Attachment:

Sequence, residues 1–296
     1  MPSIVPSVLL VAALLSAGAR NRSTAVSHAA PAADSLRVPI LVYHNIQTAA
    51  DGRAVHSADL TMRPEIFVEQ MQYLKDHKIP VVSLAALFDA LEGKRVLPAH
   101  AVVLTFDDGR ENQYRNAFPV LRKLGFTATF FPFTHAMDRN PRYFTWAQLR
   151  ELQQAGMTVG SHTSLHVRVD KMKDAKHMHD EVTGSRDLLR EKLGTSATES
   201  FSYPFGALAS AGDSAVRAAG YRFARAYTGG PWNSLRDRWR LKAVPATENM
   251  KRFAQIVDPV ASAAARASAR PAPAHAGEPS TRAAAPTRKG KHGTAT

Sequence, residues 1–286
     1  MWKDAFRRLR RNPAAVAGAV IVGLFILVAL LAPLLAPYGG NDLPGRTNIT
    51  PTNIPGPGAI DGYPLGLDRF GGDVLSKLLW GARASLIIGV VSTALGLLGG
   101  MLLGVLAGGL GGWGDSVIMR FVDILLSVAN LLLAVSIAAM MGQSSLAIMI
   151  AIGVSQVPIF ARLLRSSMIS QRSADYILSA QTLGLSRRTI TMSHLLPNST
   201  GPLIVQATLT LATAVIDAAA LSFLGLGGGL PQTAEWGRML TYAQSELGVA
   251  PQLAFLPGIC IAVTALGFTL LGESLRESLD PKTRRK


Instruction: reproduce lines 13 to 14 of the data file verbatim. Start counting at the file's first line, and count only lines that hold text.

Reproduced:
   201  GPLIVQATLT LATAVIDAAA LSFLGLGGGL PQTAEWGRML TYAQSELGVA
   251  PQLAFLPGIC IAVTALGFTL LGESLRESLD PKTRRK